The Degenerate Bottom Revisited

Monroe 05

“Forever Marilyn” (2011) by John Seward (born 1930) in Palm Springs

Kristor’s recent essay, “The Arms Race to the Degenerate Bottom,” reminded its readers of the downward or subscendent trend of aesthetics under the by now longstanding regime of liberal modernity.  Recently also JM Smith made reference in one of his Orthosphere entries to Billy Wilder’s film The Seven-Year Itch (1955), starring among others Marilyn Monroe. Miss Monroe is my topic. In a state of heightened awareness after reading Kristor and JM (if “heightened” were the word, which it is likely not), I was quick to notice that the cultural mudslide in whose beginnings Miss Monroe participated — in various ways — is still prone to feature her prominently, as though honoring its own inception (if “inception” were the word, which it is likely not).

John Seward Johnson II, a.k.a. John Seward (born 1930), is a sculptor apparently well-known to the art-world, but hitherto unknown to me. Johnson created his twenty-six-foot tall bronze statue of Monroe in 2011, basing it on the skirt-lifting scene from Wilder’s film, where Monroe stands over a grate in the sidewalk. The statue, which resembles Seward’s other work, all of which looks like it was intended for audioanimatronic display at one of the Disney parks, originally stood in Palm Springs, but has recently gone on tour to Stamford, Connecticut, where it is spending the summer.

The sculpture’s painted garishness no doubt accords itself with the prim sleaziness of Palm Springs, which I would describe as Las Vegas without the casinos but with at least as many cocktail waitresses, pole-dancers, and call-girls. When one thinks of primly sleazy places, however, one hardly thinks of Stamford.

The photograph below shows “Forever Marilyn” from a frontal perspective. —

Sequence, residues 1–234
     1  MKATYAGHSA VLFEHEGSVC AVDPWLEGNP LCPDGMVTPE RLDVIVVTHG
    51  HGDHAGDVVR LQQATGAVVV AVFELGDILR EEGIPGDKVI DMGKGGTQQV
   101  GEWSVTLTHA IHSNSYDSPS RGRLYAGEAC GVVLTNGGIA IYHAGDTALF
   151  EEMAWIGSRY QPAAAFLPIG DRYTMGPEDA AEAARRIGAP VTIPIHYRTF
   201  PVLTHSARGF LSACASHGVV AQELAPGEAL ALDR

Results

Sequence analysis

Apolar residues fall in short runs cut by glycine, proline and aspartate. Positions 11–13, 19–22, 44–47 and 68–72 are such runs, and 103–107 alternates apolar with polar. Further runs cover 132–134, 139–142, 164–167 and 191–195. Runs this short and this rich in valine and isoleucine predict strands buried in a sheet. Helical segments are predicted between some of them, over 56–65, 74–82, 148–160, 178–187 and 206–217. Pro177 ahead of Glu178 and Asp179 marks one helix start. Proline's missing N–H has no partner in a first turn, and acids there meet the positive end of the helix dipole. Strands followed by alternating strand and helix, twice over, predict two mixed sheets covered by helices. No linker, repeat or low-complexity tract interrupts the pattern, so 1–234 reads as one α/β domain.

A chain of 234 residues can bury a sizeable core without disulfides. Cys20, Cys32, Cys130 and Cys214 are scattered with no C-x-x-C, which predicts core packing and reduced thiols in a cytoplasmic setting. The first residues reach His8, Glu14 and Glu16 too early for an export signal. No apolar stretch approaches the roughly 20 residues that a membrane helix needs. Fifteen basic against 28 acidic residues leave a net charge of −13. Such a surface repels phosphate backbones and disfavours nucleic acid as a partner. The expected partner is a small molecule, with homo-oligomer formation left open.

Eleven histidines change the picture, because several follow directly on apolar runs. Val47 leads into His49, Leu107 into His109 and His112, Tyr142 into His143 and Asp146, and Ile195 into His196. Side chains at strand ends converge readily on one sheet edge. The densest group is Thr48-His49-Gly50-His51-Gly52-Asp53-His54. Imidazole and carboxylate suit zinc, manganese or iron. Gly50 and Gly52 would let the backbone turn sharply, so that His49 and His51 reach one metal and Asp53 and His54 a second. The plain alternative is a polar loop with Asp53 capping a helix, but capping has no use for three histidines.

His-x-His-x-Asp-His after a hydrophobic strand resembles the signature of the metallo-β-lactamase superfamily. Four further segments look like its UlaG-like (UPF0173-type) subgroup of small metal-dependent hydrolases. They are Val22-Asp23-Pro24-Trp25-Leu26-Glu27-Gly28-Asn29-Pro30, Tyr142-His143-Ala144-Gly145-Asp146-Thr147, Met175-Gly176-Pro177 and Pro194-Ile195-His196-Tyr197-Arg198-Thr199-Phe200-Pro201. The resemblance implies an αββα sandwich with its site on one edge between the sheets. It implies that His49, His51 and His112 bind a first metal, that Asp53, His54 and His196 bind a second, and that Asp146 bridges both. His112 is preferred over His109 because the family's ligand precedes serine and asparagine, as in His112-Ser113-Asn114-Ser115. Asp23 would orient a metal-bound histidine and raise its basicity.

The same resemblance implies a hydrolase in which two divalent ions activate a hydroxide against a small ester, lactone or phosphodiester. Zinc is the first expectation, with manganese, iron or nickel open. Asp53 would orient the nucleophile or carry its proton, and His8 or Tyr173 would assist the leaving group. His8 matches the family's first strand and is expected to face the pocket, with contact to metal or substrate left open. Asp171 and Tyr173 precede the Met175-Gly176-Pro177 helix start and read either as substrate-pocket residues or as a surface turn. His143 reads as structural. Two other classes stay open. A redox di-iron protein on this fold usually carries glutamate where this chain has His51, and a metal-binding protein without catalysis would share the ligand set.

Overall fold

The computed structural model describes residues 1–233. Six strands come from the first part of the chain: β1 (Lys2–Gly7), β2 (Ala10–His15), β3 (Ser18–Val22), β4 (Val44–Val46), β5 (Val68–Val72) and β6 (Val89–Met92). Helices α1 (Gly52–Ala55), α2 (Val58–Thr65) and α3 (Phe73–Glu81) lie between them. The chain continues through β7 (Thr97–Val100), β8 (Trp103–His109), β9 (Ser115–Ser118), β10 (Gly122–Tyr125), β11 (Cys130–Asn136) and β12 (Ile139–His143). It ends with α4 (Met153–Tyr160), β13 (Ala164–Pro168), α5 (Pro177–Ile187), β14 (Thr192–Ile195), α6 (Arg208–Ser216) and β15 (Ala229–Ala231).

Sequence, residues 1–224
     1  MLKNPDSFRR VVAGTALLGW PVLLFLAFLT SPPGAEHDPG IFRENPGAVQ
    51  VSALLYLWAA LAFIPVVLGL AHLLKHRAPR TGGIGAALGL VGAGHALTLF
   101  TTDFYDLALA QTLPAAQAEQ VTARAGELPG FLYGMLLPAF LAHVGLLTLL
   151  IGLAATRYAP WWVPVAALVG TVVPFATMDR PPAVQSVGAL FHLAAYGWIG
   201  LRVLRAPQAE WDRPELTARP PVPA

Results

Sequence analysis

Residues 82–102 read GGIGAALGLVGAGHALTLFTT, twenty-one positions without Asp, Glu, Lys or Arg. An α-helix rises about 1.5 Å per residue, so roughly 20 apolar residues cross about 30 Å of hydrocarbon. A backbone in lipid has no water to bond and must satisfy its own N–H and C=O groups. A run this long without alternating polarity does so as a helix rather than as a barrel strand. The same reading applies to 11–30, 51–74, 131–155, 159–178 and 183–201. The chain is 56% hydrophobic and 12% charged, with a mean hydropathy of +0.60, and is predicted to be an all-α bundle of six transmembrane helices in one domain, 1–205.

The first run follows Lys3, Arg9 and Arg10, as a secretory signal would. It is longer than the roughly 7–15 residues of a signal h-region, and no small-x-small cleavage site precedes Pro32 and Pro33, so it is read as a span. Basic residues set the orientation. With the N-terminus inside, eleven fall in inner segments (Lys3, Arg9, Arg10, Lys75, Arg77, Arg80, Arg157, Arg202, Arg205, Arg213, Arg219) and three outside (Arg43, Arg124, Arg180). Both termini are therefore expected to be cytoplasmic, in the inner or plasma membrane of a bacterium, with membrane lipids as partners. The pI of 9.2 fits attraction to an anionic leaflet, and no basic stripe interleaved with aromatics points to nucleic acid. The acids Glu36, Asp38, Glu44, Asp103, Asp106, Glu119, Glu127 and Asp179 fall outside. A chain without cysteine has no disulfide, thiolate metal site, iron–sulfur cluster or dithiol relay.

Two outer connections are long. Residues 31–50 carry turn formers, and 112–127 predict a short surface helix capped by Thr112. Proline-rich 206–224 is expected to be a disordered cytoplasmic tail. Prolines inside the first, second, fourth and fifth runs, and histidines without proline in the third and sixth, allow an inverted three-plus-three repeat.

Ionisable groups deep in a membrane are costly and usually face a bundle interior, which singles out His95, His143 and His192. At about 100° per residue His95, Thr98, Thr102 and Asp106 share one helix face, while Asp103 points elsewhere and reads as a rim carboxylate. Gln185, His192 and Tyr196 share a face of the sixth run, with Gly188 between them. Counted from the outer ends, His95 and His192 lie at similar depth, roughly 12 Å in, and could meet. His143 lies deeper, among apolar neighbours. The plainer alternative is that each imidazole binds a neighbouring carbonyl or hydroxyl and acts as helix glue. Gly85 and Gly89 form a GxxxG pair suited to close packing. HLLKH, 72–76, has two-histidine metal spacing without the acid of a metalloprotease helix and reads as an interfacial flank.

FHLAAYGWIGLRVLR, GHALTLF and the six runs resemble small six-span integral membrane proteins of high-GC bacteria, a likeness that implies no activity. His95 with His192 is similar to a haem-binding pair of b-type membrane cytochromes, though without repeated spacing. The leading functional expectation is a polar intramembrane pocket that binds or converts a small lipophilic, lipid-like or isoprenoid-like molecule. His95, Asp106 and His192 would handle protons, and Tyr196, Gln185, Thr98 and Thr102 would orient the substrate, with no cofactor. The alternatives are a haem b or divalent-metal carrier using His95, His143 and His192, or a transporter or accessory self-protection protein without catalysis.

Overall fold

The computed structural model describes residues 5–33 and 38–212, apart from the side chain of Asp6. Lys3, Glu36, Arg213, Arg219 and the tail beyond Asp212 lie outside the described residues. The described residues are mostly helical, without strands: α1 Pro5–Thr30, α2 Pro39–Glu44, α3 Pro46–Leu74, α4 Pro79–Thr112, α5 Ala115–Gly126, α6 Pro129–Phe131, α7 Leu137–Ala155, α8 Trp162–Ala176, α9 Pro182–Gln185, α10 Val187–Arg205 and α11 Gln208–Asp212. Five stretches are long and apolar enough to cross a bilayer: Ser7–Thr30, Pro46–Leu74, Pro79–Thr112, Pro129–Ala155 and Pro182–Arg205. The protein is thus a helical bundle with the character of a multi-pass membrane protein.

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“Forever Marilyn” in Stamford (Angle 1)

The photograph that I have placed below the “continue reading” toggle again shows “Forever Marilyn” frontally but from a different and revealing angle. —

Monroe 02

“Forever Marilyn” in Stamford (Angle 2)

But this is what one sees supposing that he stands on the steps of the church looking at Marilyn. —

Monroe 01

“Forever Marilyn” in Stamford (Angle 3)

I invite commentary.

28 thoughts on “The Degenerate Bottom Revisited

  1. Presumedly this, as opposed to a confederate, statue is one you would wish to see displaced. Praise God there is no monument code legally blocking such a wise disposition.

    • It would be difficult to imagine a female Confederate general, much less one who lifts up her skirts and shows her silk-clad gluteous maximus in the direction of a (presumably) Protestant church.

      • “…in the direction of a (presumably) Protestant church.”

        Am I crazy or there is a rainbow flag at that church?

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  3. I’m glad I’m not the only one to notice that honest attempts to characterize modern degeneracy often unwittingly take a literal, descriptive, factual turn.

    • I am a normal male person, attracted to women, but I experience no attraction in respect of Marilyn’s lifted skirts.